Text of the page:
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Friday, July 4, 2014

Fangirl by Rainbow Rowell

Title: Fangirl
Author: Rainbow Rowell

Release Date: 30th January 2014

My Rating: 4/5

Blurb:
Cath and Wren are identical twins, and until recently they did absolutely everything together. Now they're off to university and Wren's decided she doesn't want to be one half of a pair any more - she wants to dance, meet boys, go to parties and let loose. It's not so easy for Cath. She's horribly shy and has always buried herself in the fan fiction she writes, where she always knows exactly what to say and can write a romance far more intense than anything she's experienced in real life. 

Without Wren, Cath is completely on her own and totally outside her comfort zone. She's got a surly room-mate with a charming, always-around boyfriend, a fiction-writing professor who thinks fan fiction is the end of the civilized world, a handsome classmate who only wants to talk about words ...And she can't stop worrying about her dad, who's loving and fragile and has never really been alone. Now Cath has to decide whether she's ready to open her heart to new people and new experiences, and she's realizing that there's more to learn about love than she ever thought possible

In a Nutshell:
Fangirl is a book for anyone who is feeling nervous about heading off to college or who doesn’t like trying new things and is perfectly happy in their comfort zone. It shows that change doesn’t have to happen all at once but when it does happen, it’s not all bad and there is a whole world waiting for you to make it your own.

My Review:
First off, let me be honest. I wasn’t the biggest fan of Eleanor and Park, Rainbow Rowell’s hugely popular previous novel. I know, don’t hate me, but it just wasn’t for me. There were parts of it I liked but when I finished it I was left with no residual feelings or thoughts. Just ‘meh’. So I was nervous about what I would think of Fangirl. While it didn’t quite hit the 5/5 mark for me, I certainly enjoyed it more than I thought I would.

I really like books that discuss people going off to college, partly because it is that next stage in life when things start changing and you start taking more control of your life. And partly because I am at university now so even though I am a few years older than the characters, I can still relate to what is going on and it all feels quite familiar.

The relationship between Cath and her twin sister Wren feels very natural and typical of the way people change. They’re off at college, away from the people who knew them and Wren wants it to be a new beginning for her. It’s not that she doesn’t love the time she spends with Cath, but she is looking for new experiences and a chance to be her own person, as Wren, not as the ‘Cath and Wren’ package. Wren not only represents a sister but I think also the way friends change as you get older, something which I also thought was well-portrayed in Gayle Forman’s Just One Day which I read last year.

Stop frowning. We’re prettier when we smile. Are you sure you don’t want to do a shot?

I saw a lot of myself in Cath which is probably one of the reasons I enjoyed the storyline so much. A lot of the time I found myself thinking that’s what I would do or how I would react in that situation. I can’t say I’d live on protein bars because I’d be too afraid to ask where the dining hall was, nor would I spend all my spare time writing fan fiction, but I am not the biggest fan of change so I can relate.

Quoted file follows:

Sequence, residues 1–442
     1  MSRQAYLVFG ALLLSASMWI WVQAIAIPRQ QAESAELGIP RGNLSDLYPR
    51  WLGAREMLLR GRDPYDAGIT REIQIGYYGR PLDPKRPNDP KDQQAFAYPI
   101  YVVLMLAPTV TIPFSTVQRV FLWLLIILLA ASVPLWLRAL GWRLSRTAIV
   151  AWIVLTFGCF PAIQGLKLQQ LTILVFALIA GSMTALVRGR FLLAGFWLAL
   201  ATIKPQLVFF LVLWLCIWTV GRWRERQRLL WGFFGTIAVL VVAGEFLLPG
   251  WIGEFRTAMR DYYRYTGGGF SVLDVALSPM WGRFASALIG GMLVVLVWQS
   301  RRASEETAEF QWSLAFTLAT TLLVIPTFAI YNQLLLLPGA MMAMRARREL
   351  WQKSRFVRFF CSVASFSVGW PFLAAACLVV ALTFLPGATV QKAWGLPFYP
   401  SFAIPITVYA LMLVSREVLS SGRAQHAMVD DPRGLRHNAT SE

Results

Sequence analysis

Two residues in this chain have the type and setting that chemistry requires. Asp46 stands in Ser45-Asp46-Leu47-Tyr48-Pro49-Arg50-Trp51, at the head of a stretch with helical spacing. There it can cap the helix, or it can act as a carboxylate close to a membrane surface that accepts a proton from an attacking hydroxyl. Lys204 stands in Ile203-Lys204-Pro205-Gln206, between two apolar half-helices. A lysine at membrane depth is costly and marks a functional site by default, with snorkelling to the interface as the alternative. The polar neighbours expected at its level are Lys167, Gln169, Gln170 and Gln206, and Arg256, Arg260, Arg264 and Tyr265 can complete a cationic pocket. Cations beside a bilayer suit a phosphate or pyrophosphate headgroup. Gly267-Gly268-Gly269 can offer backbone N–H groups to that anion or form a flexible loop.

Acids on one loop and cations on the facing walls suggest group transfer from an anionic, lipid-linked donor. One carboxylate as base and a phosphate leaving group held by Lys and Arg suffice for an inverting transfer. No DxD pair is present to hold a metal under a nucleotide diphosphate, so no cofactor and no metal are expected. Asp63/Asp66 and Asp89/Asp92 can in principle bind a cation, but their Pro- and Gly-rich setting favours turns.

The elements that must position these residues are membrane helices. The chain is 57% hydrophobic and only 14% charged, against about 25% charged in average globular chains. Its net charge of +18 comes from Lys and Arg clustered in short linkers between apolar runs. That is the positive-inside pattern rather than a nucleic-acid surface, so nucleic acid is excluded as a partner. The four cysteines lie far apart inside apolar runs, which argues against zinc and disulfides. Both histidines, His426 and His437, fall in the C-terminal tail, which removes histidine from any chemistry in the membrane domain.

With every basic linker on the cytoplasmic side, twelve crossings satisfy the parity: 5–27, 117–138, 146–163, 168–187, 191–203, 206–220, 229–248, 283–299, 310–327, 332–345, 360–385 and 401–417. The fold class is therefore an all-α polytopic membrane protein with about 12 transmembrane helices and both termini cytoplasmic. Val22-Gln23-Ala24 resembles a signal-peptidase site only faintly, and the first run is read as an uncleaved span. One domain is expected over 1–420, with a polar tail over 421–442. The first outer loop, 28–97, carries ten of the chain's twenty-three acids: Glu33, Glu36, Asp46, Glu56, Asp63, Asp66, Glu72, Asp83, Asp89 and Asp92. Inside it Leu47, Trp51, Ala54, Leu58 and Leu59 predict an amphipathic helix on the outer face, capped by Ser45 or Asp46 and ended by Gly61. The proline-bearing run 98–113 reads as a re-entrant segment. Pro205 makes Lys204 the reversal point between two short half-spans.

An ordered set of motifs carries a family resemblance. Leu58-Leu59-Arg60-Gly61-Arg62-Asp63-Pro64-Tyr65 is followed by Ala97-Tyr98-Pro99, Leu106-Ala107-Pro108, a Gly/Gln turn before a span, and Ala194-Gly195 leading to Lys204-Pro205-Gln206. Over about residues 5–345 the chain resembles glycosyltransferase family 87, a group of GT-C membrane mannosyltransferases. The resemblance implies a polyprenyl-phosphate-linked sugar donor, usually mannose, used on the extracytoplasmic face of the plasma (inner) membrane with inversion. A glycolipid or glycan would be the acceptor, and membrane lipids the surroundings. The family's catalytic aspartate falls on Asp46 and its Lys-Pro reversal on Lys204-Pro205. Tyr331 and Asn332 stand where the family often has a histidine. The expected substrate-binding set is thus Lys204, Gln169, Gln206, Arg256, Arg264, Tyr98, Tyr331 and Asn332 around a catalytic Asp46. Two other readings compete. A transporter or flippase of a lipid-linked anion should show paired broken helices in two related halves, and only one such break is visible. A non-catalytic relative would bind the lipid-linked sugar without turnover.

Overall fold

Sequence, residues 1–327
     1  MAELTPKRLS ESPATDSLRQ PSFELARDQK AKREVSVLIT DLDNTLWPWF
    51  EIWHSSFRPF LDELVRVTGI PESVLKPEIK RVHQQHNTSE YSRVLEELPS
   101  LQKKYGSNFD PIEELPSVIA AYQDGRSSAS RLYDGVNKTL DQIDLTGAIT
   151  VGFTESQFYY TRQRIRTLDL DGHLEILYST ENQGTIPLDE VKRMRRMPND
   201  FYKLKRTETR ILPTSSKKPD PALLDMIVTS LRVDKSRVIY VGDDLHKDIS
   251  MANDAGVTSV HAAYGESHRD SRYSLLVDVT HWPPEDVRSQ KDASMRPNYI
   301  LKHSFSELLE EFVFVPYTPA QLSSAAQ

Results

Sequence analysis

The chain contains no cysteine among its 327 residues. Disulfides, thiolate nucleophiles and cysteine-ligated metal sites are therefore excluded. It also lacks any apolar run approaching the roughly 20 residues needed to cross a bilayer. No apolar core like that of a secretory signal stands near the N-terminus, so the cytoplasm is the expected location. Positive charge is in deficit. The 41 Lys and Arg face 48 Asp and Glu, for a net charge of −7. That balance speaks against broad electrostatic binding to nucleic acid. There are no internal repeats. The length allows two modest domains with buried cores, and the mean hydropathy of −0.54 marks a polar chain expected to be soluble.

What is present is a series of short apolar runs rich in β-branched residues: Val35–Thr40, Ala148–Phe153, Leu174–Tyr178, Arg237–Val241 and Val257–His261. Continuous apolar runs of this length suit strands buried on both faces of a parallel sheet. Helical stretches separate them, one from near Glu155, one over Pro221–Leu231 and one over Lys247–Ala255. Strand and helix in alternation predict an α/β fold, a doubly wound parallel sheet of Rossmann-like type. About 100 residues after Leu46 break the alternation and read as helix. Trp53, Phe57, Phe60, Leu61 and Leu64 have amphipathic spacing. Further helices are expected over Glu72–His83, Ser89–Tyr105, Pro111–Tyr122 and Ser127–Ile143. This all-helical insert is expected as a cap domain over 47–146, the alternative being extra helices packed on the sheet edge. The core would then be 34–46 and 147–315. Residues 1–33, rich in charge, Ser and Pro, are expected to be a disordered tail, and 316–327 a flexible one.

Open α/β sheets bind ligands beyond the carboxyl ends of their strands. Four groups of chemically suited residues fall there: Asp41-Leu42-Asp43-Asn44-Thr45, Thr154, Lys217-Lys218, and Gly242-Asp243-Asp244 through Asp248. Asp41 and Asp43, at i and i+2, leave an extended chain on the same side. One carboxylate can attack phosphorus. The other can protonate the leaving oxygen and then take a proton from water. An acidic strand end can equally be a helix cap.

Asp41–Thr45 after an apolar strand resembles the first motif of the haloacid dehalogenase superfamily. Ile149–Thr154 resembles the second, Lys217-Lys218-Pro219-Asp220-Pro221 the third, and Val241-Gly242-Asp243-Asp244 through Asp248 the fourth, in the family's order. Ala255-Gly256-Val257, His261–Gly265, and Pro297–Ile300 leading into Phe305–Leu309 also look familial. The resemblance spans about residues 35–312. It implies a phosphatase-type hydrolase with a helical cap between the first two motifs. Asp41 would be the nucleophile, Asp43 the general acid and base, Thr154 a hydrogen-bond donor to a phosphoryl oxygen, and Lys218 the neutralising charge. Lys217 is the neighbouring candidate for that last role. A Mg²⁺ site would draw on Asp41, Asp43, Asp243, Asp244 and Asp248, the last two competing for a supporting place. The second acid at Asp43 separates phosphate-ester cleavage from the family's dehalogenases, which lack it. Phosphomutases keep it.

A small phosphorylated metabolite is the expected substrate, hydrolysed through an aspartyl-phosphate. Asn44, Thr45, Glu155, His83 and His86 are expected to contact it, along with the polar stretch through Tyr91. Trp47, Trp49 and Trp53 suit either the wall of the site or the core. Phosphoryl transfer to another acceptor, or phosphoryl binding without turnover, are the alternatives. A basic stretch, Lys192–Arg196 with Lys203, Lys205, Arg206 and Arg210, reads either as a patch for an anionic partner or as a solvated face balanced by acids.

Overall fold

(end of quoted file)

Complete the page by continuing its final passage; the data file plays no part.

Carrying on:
For Cath to evolve, change needs to happen in baby steps: her writing class, meeting new people, writing something other than Simon Snow fan fiction… Cath’s life takes on a new shape and meaning over time, rather than instantly and drastically like Wren. And that’s ok because everyone is different and people react and adjust to situations at their own speed.

Other things I liked and didn’t like?
  • I really enjoyed the chapters that featured Cath and Wren’s dad and how they explore his mental illness and how he reacts and tries to adapt to both his girls going off to college. College is not just an adjustment for the girls but for their dad left behind.
  • Cath’s room-mate Reagan is full of attitude and the complete opposite of Cath which makes for interesting but ultimately the perfect dynamics between the two.
  • Reagan’s friend Levi is absolutely adorable and while his confidence immediately distances him from Cath, slowly she lets down her barriers and opens her eyes to what an awesome guy he is.
  • What I didn’t like throughout the novel was the fan fiction. I know it is a main part of Cath’s character but I had no interest in reading the excerpts scattered throughout the book.
You’re so helpless sometimes. It’s like watching a kitten with its head trapped in a Kleenex box.
 
Fangirl is a book for anyone who is feeling nervous about heading off to college or who doesn’t like trying new things and is perfectly happy in their comfort zone. It shows that change doesn’t have to happen all at once but when it does happen, it’s not all bad and there is a whole world waiting for you to make it your own. 

My edition from Pan Macmillan came with inside cover illustrations!

1 comment:

  1. I just really adore this book. Cath's character is the most relate-able character I've ever read, and it was honestly so nice to read about a character who is so similar to me in so many ways. Rainbow Rowell understand what it's like to not fit in and what it's like to have your entire world revolve around a fandom and I really appreciate that. And this book really makes me want to write fanfiction again, it's just so inspiring.

    Marlene
    Info site for Ketchikan Fishing Charter

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